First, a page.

Recent progress drives a new vision for GARC in the year ahead.

Professor Louis Nel, Executive Director of GARC

With a world emerging from under the pandemic clouds of 2020 and 2021, the past year was characterized by a number of significant positives for rabies communities around the globe.

Many were able to re-engage with rabies control activities in communities that could appreciate the value of vaccination and One Health a little better and World Rabies Day data confirm a record upslope in activities around the world (up by 20% from 2019). WRD and other accomplishments for 2022 are further discussed in this newsletter and elsewhere.

For me, the most significant highlight of 2022 was the pleasure and privilege to be able to co-host the first major in-person international rabies meeting in almost 3 years. This meeting, “Strengthening international engagement to support the Zero by 30 Global Strategic Plan (Zero by 30)”, was in fact the 13th Partners for Rabies Prevention meeting and was held at the Les Pensières Centre for Global Health, Veyrier-du-Lac, France, 13-15 June 2022.

The complete meeting report is available here. Briefly the meeting was hosted and co-organized by the Global Alliance for Rabies Control and Fondation Mérieux and brought together international rabies stakeholders from around the world in order to review the current global rabies situation following the COVID-19 pandemic. The work of the meeting was aligned with thematic activities of the three Working Groups and associated workstreams of the UAR Forum, in keeping with the goals of Zero by 30. As GARC has acted as secretariat for the Partners for Rabies Prevention (PRP) network, supporting international rabies stakeholders’ activities and collaboration, we also considered strategic questions regarding the future of the PRP, as the UAR Forum could replace what was historically the purpose of the PRP.

Given the progression of the global strategic plan (GSP), and the UAR Collaboration and Forum, I made the case that GARC’s PRP initiative should now move away from international coordination to focus on, and be comprised of, civil society community actors, whose contributions are sometimes neglected at the international level. Over the years I have learned to appreciate the critical role that communities and civil society play in day-to-day rabies control efforts around the world, and I am convinced that we will not succeed in the goals of the Global Strategic Plan without these partners on board. As we have done in the past with other stakeholders, we will offer support and play a unifying role.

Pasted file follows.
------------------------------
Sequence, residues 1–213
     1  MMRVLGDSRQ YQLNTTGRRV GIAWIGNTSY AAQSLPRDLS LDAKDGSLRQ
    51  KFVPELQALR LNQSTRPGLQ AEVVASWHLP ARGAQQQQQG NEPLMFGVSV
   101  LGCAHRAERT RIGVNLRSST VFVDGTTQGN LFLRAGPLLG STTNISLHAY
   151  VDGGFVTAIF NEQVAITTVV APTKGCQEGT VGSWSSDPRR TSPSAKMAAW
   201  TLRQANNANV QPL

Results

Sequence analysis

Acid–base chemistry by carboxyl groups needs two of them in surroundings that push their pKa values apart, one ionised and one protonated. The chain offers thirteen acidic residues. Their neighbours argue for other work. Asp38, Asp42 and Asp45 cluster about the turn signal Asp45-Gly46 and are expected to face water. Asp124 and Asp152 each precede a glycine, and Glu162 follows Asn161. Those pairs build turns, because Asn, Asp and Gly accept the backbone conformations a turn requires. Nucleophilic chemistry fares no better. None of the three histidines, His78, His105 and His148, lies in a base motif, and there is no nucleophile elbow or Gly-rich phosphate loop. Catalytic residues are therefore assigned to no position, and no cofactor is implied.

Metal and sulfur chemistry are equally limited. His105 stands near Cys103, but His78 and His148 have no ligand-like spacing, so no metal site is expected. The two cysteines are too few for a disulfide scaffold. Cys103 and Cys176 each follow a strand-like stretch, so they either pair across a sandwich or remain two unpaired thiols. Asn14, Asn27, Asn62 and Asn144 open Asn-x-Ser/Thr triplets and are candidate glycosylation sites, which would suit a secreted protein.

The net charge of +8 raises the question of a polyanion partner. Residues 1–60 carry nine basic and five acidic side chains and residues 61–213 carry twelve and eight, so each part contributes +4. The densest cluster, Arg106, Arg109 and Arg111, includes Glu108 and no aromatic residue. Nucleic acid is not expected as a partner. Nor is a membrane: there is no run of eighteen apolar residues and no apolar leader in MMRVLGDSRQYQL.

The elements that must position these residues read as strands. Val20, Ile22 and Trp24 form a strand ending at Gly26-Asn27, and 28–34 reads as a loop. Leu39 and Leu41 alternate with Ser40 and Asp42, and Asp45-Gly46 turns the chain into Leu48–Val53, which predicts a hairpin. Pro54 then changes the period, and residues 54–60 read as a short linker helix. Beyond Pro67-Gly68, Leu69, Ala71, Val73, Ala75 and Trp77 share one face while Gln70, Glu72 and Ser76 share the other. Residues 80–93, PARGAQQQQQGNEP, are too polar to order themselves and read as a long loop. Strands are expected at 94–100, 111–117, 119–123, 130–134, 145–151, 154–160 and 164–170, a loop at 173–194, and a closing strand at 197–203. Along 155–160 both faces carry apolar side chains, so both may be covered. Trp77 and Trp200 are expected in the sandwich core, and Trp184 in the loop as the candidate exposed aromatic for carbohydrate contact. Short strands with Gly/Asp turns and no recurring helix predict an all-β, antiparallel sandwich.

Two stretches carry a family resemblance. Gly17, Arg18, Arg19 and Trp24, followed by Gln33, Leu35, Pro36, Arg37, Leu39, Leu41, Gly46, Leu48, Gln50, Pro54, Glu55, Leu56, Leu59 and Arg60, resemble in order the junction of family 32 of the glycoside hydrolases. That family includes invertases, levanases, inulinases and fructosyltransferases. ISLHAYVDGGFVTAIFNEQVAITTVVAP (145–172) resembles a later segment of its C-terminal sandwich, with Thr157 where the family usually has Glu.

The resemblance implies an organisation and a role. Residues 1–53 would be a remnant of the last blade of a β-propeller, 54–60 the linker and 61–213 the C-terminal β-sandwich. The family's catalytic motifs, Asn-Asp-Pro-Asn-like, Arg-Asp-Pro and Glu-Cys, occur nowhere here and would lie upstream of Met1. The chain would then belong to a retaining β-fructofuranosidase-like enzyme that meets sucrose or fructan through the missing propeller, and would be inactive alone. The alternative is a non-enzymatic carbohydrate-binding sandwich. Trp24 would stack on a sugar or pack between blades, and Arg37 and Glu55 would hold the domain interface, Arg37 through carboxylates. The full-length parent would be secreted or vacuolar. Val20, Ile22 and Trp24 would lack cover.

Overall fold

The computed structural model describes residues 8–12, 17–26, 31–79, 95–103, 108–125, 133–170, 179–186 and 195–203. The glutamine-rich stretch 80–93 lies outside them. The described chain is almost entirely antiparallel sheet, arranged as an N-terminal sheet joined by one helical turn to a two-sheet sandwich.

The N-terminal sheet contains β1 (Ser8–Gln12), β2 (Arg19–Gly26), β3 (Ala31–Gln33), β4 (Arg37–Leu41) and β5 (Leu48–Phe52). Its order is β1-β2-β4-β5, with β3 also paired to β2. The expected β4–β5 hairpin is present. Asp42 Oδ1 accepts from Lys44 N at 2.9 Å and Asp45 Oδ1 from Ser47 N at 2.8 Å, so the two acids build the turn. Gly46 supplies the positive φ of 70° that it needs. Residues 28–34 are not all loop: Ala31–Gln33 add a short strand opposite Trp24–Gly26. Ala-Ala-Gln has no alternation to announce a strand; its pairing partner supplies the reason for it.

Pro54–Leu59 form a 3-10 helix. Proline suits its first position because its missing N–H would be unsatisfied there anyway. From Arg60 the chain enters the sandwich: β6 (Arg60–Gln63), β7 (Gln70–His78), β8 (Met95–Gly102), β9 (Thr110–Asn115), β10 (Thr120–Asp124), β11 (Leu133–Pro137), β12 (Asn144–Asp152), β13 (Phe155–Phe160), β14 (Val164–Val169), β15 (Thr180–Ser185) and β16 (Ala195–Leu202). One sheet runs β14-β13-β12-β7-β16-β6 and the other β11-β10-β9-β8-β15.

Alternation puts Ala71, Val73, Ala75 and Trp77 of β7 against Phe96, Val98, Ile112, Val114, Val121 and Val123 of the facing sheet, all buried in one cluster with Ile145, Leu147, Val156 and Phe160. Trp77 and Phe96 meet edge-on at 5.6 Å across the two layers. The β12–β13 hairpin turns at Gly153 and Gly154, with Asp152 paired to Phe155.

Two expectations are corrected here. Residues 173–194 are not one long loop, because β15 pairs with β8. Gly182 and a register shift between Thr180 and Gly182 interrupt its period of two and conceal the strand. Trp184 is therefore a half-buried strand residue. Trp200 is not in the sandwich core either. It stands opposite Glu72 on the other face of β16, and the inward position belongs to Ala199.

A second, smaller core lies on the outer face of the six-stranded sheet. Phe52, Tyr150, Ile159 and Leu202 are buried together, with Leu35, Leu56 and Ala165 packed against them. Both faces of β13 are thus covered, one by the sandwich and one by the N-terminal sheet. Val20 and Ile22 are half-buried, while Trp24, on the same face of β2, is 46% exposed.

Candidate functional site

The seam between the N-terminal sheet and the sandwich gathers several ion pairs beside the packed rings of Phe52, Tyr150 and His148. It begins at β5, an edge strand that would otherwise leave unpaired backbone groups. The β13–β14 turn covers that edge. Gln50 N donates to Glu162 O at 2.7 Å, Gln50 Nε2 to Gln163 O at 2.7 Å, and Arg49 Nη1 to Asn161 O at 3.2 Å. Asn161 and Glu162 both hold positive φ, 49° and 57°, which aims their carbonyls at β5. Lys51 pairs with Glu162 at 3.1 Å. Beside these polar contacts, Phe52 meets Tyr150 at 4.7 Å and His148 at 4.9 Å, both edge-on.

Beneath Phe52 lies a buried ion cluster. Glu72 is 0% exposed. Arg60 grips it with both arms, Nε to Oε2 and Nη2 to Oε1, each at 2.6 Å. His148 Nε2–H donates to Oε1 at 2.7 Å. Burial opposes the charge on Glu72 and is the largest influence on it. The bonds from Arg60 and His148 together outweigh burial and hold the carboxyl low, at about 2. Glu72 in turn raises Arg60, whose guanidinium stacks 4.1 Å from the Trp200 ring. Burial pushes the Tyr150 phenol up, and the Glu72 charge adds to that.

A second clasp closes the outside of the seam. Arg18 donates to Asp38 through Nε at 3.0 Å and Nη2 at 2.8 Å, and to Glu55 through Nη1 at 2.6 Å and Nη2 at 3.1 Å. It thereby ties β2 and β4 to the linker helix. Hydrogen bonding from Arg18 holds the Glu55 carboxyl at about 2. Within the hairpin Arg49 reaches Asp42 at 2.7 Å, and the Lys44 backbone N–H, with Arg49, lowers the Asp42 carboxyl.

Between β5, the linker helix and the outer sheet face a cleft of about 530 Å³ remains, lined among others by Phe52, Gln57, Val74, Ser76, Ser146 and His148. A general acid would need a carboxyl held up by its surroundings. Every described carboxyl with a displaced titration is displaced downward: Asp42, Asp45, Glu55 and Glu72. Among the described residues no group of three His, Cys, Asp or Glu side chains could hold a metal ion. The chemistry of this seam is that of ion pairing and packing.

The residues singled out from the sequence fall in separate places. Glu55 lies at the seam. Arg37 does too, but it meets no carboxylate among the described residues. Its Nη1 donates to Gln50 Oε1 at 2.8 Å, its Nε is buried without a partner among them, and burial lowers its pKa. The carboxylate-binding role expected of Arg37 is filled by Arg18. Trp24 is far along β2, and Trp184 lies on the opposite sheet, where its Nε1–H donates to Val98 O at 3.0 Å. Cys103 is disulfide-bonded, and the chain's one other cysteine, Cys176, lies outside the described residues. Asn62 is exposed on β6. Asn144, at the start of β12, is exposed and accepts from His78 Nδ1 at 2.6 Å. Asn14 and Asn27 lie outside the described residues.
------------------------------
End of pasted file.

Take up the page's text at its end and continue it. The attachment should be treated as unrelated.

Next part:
In today’s rabies arena, numerous non-profits, charities, and individuals make a very real difference because they believe that they can make a difference; and while they are often quite small, they are passionate, often willing to go the extra mile, and collectively represent a significant tour de force. We believe that we can and should provide better support and encouragement, include them as important actors in a bigger play, advocate for them and help them to align with a global UAR strategy and goal. Tangibly, among the outcomes of such an approach we could foresee a better distribution of deliverables, uptake of strategic tools and access to a broader funding base.

As the historical custodian of the PRP, we were most encouraged by the receptive and positive response to this new venture from our international stakeholders and local community actors we have engaged with, and since our meeting in Annecy, we have been hard at work on this new endeavour. Thank you and watch this space!